I think I might be high now. I've certainly taken what you said, clear and concise, at least as concise as one can be on this topic, and done nothing to help. I applaud my efforts.


Hah, well I'm not sure how clear an existential topic like this can really get.

I've often thought of writing a sci-fi short story where the teleporter is invented, and one guy realizes that it's essentially destroying the original people and replacing them with soulless copies, but everyone else uses it anyways, until he's the only person left with a soul on earth.

/don't really believe in souls, but I still think it's a cool idea.
//of course, this has probably already been written..
 
2013-02-01 01:07:51 PM

Erix: Stone Meadow: The key, it strikes me, is continuity. If continuity is maintained, the new you IS you, irrespective of your form.

I think you're right, it's all a matter of continuity.  If you just "download" your brain, you're really making a copy, not moving your consciousness.  You'd have to essentially merge the two, and then slowly shut down the organic portion.  How slowly?  Does it matter?  I dunno, but I think it does for some reason.


Hans Moravec addresses this issue in one (or more) or his books. He speculates that the merger process would proceed as fast as the technology is capable, with one's consciousness starting off wholly in the brain and smoothly transitioning to partially, then wholly in the 'computer'. IIRC, he says the process is inherently destructive, as the computer is literally creating a virtual network based on the physical interconnections of your brain as it's progressively mapped-by-destruction. Whether he's correct is an open question that will only be answered in time, but I for one hope to be there, and slowing/reversing senescence is the start.
 
2013-02-01 01:49:32 PM

Stone Meadow: I have long argued that advanced civilizations "go Matrix style" when they achieve the capability, rather than spreading out into their galaxies.


Yes. This has always been my answer to the Fermi Paradox.
 
2013-02-01 01:51:33 PM

Mr. Eugenides: That's my plan.  I'm going to download my self into 10,000 deep space probes and explore the galaxy.


I would switch my consciousness on for a fraction of a second every century or so so I could get a sense of motion with my travels and not "die" of boredom.
 
2013-02-01 01:56:13 PM

Mr. Eugenides: geek_mars: The only way I'd want immortality is if I could live digitally. I read about a month ago or so about scientists working on developing the kinds of computers that would let people download into them at the end of their lives (or sooner), and I think the idea is kind of intriguing. If I could have some control over my virtual environment (I wanna fly, dammit!) then I might be happier going Matrix style.

That's my plan.  I'm going to download my self into 10,000 deep space probes and explore the galaxy.


Which would be awesome, but without instantaneous communication between them, I think you'd probably be limited to just directly experiencing one of them.  Better to hang back and have them send their experiences back to you.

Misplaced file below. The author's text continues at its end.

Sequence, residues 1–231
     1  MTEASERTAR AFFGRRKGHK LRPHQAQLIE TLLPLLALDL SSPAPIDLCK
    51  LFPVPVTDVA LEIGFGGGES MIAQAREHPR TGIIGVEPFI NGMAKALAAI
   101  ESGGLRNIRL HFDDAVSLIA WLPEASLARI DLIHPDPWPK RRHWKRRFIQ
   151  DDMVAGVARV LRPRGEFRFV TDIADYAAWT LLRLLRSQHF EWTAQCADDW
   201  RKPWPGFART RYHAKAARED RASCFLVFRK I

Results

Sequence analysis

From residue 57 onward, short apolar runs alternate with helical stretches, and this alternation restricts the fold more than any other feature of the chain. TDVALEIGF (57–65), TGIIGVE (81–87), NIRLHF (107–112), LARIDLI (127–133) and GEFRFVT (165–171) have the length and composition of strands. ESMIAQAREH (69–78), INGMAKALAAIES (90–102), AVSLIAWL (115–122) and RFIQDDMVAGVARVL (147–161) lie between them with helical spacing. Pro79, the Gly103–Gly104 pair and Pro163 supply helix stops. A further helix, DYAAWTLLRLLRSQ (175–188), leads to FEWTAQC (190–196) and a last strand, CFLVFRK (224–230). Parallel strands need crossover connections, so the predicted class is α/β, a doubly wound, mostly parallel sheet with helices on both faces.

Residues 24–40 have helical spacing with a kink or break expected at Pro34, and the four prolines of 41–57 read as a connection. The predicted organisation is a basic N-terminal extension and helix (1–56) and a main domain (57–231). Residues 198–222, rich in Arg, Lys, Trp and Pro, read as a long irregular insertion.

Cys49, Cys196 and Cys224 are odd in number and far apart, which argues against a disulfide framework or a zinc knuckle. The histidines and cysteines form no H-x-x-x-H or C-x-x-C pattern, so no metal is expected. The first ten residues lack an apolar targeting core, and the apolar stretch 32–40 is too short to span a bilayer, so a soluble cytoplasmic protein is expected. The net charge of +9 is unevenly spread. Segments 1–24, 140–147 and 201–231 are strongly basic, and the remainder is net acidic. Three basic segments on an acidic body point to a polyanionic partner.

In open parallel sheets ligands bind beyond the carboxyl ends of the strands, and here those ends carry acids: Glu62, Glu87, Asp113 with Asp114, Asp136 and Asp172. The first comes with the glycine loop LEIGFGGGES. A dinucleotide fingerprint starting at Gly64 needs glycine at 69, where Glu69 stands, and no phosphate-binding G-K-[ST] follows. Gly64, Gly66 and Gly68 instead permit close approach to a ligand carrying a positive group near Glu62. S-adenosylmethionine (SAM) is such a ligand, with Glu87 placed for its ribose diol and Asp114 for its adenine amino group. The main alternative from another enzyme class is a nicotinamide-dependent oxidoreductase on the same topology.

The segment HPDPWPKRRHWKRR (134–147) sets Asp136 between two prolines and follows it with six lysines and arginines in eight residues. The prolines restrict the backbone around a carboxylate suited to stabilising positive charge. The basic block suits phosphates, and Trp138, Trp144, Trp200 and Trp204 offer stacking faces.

2013-02-01 02:00:24 PM

Stone Meadow: Slaxl: I have also spent many minutes pondering that exact dilemma, whilst not high. A copy of you may be indistinguishable from you to others, and even to yourself, and while both might think they were the original since they have the same memories, only one really is. Only one is really you, so if you die and the other takes over there may still be a version of you in the world doing exactly what you'd do, but it's not you. Your consciousness has ceased.

What makes you say that? After all, in 'real life' you are constantly flushing spent cells and growing new ones. IIRC, the longest lived cells in you body live only about 7 years, some live only a matter of days (skin cells?). IOW, you're constantly doing a slo-mo Star Trek-like decomposition and recomposition. Yet nobody seriously claims you're not the same person you were yesterday or 7 years ago.

The key, it strikes me, is continuity. If continuity is maintained, the new you IS you, irrespective of your form.


If you make an identical copy of yourself, and you stand next to it, one is the one that created the copy, and one is the copy. So only one would really be you, as in the original you that made the stuff happen.

Yes we are all fresh every 7 years or so, but there is continuation throughout. If we regenerated by ceasing to exist, collapsing into a pile of atoms, and then regrowing out of a whole new, unconnected atoms, we would not be able to continue to exist as ourselves, it would be a copy consciousness, not an original. For you it would be as dying.
 
2013-02-01 02:55:11 PM

Slaxl: Yes we are all fresh every 7 years or so, but there is continuation throughout. If we regenerated by ceasing to exist, collapsing into a pile of atoms, and then regrowing out of a whole new, unconnected atoms, we would not be able to continue to exist as ourselves, it would be a copy consciousness, not an original. For you it would be as dying.